Fin­gers point in blame game

Union, care home firm lawyers cross swords at killer nurse in­quiry


ST. THOMAS — A pub­lic in­quiry into how El­iz­a­beth Wet­t­laufer got away for seven years with a mur­der and crime spree in­volv­ing 14 pa­tients de­volved Tues­day into a blame game be­tween a nurses’ union and the com­pany that runs a Wood­stock nurs­ing home where the nurse in­flicted most of her car­nage.

Lawyers for the On­tario Nurses As­so­ci­a­tion and Ca­res­sant Care Nurs­ing and Re­tire­ment Homes Ltd. clashed of­ten af­ter each tried to so­licit answers from He­len Crombez, the for­mer nurs­ing di­rec­tor at the Wood­stock home, that would damn the other.

Re­spond­ing to ear­lier tes­ti­mony from Crombez, who said union griev­ances made it dif­fi­cult to dis­ci­pline nurses, the lawyer for the nurses union, Kate Hughes, pointed out that though Wet­t­laufer was coun­selled or dis­ci­plined dozens of times, the union filed only three griev­ances.

But the most direct clash came af­ter the lawyer for Ca­res­sant Care, David Golden, asked Crombez if the nurses’ union dis­closed what it knew about Wet­t­laufer’s trou­bled work his­tory. She was fired in 1995 from her first job as a nurse af­ter she stole, used and over­dosed on drugs taken from a north­ern On­tario hos­pi­tal while she was work­ing.

The union filed a griev­ance that led the hos­pi­tal to change what it had called a ter­mi­na­tion to a res­ig­na­tion, he said.

The union knew of Wet­t­laufer’s fir­ing, sub­stance abuse and claim that she was suf­fer­ing from mental ill­ness that led a reg­u­la­tory col­lege to tem­po­rar­ily de­clare her un­fit to prac­tise, but did the union ever share its knowl­edge with Ca­res­sant Care, Golden asked Crombez.

“(The On­tario Nurses As­so­ci­a­tion) had all the de­tails,” Golden said.

“Did the union ever say we have ad­di­tional in­for­ma­tion?”

Be­fore Crombez could re­spond, Hughes ob­jected to the ques­tion, but was over­ruled by in­quiry head, Jus­tice Eileen Gillese.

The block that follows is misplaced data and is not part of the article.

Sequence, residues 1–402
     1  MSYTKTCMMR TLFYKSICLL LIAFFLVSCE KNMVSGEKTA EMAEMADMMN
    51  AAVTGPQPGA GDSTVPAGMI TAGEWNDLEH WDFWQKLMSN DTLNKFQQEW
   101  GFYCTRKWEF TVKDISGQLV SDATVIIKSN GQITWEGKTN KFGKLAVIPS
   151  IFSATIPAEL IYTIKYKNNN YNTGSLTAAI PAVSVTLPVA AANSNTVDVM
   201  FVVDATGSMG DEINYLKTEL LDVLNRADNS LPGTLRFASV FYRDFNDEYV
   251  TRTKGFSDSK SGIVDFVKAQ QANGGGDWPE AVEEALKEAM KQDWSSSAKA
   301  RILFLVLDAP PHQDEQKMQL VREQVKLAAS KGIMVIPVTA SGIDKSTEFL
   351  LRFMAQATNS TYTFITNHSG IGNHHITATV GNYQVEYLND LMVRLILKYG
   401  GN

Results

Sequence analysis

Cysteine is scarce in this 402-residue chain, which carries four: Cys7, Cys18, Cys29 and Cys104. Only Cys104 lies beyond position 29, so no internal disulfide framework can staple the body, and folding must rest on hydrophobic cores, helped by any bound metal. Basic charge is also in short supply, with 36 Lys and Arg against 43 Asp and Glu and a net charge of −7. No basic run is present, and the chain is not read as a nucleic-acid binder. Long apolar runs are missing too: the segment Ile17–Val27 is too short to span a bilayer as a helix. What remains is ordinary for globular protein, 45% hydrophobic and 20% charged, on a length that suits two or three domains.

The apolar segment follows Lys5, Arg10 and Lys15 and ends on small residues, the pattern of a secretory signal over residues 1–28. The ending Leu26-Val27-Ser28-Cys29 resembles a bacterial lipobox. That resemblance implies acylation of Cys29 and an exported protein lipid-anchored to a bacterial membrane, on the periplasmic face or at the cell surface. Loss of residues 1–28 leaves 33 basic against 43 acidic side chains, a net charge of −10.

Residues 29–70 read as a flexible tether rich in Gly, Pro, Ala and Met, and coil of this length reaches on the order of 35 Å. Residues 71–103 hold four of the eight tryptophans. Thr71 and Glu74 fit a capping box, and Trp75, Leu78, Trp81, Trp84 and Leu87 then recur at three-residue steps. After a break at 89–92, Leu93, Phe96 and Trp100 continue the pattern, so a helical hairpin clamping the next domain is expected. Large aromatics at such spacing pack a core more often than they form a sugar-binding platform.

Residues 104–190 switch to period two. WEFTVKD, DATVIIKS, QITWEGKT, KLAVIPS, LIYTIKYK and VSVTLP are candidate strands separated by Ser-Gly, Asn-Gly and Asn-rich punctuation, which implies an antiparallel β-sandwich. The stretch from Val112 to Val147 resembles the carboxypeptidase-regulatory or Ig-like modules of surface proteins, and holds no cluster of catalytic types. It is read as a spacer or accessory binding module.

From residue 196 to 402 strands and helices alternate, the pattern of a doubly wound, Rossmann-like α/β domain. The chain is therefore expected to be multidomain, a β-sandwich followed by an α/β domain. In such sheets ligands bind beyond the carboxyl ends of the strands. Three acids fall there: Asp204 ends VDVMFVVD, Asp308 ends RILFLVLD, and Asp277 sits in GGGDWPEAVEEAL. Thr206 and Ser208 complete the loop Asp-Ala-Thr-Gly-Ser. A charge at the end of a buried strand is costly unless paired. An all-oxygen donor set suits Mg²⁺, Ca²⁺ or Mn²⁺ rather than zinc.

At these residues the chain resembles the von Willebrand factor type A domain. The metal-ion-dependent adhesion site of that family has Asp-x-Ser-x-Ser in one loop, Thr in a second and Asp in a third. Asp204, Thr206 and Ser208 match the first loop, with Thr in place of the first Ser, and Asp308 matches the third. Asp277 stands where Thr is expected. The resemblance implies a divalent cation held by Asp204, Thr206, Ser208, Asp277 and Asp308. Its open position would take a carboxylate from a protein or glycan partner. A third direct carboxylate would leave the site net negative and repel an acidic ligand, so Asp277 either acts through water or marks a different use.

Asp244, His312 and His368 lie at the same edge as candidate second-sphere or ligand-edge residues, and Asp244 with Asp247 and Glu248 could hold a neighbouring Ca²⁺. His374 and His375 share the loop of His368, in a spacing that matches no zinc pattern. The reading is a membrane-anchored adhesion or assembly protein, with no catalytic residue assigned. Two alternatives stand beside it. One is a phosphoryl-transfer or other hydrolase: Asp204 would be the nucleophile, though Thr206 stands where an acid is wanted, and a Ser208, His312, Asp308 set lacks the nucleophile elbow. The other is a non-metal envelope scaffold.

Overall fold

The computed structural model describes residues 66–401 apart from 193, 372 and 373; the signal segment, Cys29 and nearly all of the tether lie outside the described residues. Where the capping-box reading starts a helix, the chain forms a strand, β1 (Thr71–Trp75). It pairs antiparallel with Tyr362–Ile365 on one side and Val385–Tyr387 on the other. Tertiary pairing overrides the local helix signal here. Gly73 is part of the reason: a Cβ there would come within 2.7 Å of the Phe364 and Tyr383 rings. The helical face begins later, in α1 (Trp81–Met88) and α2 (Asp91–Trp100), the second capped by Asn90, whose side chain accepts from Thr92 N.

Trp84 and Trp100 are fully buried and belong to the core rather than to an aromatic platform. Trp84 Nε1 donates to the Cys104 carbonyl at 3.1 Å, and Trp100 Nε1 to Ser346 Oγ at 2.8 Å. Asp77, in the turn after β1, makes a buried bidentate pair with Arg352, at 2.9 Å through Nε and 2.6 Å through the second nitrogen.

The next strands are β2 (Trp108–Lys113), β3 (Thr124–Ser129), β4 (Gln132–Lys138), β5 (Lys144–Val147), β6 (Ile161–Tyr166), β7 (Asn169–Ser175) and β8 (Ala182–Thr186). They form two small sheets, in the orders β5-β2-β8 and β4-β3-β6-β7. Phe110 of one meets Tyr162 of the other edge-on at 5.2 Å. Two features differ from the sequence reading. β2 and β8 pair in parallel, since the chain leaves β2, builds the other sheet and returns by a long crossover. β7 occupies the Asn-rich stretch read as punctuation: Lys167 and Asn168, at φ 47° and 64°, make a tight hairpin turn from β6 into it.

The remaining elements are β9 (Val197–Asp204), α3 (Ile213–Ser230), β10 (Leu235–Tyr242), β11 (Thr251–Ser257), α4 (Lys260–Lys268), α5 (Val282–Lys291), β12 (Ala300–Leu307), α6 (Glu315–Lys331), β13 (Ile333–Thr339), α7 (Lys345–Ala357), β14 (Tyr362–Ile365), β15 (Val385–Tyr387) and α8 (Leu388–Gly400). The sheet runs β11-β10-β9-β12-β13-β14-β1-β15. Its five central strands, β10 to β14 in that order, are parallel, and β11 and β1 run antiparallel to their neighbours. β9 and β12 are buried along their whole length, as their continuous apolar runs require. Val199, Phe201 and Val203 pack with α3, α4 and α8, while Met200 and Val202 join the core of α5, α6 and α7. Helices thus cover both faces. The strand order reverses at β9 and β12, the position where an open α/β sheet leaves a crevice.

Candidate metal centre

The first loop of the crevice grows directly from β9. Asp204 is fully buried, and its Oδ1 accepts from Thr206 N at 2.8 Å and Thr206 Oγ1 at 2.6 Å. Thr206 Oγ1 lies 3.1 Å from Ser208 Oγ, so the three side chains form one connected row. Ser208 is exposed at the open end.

“It ap­pears (from the sub­mit­ted ev­i­dence) that ONA was well aware,” Gillese said.

The union lawyer al­ready had ques­tioned Crombez over what her man­age­ment team shared with the union, so Hughes had no ba­sis for ob­ject­ing that the home’s lawyer was en­gag­ing in a sim­i­lar pur­suit, Gillese said.

Given that lee­way, Golden asked, “Over the seven-year pe­riod (that Wet­t­laufer worked at Ca­res­sant Care), did ONA ever tell of prior mental health is­sues?”

“No,” Crombez said.

Later, Hughes ques­tioned why the home’s lawyer got to ques­tion Crombez af­ter the union had its turn, ask­ing the in­quiry to al­low the union to ques­tion her and other wit­nesses a sec­ond time.

Gillese re­jected the re­quest, not­ing it would be con­trary to nor­mal rules for pub­lic in­quiries.

Af­ter Crombez finished her tes­ti­mony, nurse Karen Rout­ledge told the in­quiry no nurses at the Wood­stock home wanted to serve as union rep­re­sen­ta­tive.

“I in­her­ited it by de­fault,” said Rout­ledge, who took on that role from 2009-11.

Rout­ledge said she com­plained to man­age­ment about the work habits of Wet­t­laufer, who seemed more fo­cused on be­ing chummy than su­per­vis­ing staff and com­plet­ing her re­spon­si­bil­i­ties.

Though Wet­t­laufer made fre­quent er­rors, she al­ways seemed gen­uinely re­morse­ful and car­ing, her for­mer col­league said.

“She fooled me,” said Rout­ledge, who sometimes ac­com­pa­nied Wet­t­laufer to dis­ci­pline meet­ings with man­agers.

“There was no in­di­ca­tion she wasn’t be­ing gen­uine.”

It seemed nei­ther union nor com­pany higher-ups did the leg­work to flag and cor­rect the pat­tern of mis­takes and lack of work.

“It should have gone higher up, ei­ther on the (union) lad­der or the cor­po­rate lad­der,” Rout­ledge said.

Nine weeks of tes­ti­mony are ex­pected to be done in Septem­ber, with a re­port due next year.


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